The chairman of one of the largest commerce organisation in the country had some strong words for Iceland’s customs and tolls, comparing the current system to “barbarism”.
Margrét Kristmannsdóttir, director of the Federation of Trade & Services (SVÞ), kicked off a conference of the Confederation of Icelandic Employers (SA) with a speech about Iceland’s system of customs and tolls. The entirety of the conference, entitled “Tear Down the Walls”, had as its central focus what the government should be doing to improve business within Iceland and trade abroad.
Not one to mince words, Margrét made her feelings plain.
“We Icelanders are often like barbarians when it comes to international business,” she said. “We consider it perfectly natural to export agricultural products, but lock all doors to imports.”
She added that she would like to bring in those shops that Iceland has been holding at bay with their high imports and customs tariffs. The country’s protectionist policies, she contends, are the reason why many Icelanders go abroad to shop for things such as electronics and furniture, as opposed to spending their money in the country.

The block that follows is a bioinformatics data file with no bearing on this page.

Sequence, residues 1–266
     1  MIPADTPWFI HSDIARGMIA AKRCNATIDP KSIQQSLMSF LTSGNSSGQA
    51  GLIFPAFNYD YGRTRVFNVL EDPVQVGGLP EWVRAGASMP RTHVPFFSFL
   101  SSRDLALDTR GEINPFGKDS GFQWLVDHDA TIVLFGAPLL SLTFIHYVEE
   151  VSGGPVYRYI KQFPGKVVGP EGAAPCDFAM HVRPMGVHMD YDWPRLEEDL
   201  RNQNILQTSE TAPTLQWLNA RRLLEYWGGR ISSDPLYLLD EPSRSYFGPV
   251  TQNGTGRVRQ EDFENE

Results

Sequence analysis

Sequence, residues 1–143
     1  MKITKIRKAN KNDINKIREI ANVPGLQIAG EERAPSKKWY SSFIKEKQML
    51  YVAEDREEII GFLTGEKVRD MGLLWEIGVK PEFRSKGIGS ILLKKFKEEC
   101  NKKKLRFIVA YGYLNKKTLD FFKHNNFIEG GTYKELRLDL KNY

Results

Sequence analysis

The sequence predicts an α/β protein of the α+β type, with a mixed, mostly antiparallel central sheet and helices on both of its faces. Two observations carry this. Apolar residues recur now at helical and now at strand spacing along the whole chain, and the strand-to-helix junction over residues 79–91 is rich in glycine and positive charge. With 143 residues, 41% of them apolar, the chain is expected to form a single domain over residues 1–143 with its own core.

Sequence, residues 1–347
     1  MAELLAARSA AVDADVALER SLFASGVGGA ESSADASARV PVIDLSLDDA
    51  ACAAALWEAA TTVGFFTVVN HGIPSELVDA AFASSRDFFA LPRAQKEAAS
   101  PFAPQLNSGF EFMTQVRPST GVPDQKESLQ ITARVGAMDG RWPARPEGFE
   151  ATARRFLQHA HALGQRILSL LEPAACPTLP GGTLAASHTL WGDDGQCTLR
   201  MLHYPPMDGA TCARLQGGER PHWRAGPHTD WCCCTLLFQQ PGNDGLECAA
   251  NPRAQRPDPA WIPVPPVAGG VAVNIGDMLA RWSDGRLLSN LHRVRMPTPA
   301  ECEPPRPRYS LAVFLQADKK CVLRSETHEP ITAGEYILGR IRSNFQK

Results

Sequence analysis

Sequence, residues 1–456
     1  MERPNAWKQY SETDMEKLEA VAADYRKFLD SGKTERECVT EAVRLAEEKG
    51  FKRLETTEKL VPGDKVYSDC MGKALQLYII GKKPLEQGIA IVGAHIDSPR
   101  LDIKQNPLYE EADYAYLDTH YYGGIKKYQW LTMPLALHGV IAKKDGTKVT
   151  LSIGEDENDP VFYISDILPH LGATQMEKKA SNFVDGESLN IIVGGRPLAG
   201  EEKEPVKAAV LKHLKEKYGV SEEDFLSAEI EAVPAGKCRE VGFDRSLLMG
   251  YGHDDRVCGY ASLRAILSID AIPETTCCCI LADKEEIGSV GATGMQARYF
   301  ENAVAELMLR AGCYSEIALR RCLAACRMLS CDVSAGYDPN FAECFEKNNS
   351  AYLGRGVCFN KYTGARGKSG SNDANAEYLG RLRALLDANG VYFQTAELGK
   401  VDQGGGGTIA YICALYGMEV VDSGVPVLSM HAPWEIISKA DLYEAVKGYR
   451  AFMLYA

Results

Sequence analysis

But even when it comes to what Icelanders eat, there is an imbalance, Margrét contends. The price of pork and chicken has risen 20% to 40%, and while we ought to protect traditional farming methods in the countryside, industrial factory-farming should have no such protection. Agricultural import tariffs and protectionist policies damage domestic business, she said.